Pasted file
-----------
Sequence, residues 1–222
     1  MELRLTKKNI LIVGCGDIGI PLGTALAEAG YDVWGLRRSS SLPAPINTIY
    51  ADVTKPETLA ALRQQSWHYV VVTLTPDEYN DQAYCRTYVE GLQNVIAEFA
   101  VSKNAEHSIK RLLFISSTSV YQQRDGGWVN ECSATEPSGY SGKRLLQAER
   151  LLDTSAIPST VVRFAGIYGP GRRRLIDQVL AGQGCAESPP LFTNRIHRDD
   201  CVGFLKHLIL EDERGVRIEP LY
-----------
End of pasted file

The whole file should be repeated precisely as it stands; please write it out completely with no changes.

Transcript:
Sequence, residues 1–222
     1  MELRLTKKNI LIVGCGDIGI PLGTALAEAG YDVWGLRRSS SLPAPINTIY
    51  ADVTKPETLA ALRQQSWHYV VVTLTPDEYN DQAYCRTYVE GLQNVIAEFA
   101  VSKNAEHSIK RLLFISSTSV YQQRDGGWVN ECSATEPSGY SGKRLLQAER
   151  LLDTSAIPST VVRFAGIYGP GRRRLIDQVL AGQGCAESPP LFTNRIHRDD
   201  CVGFLKHLIL EDERGVRIEP LY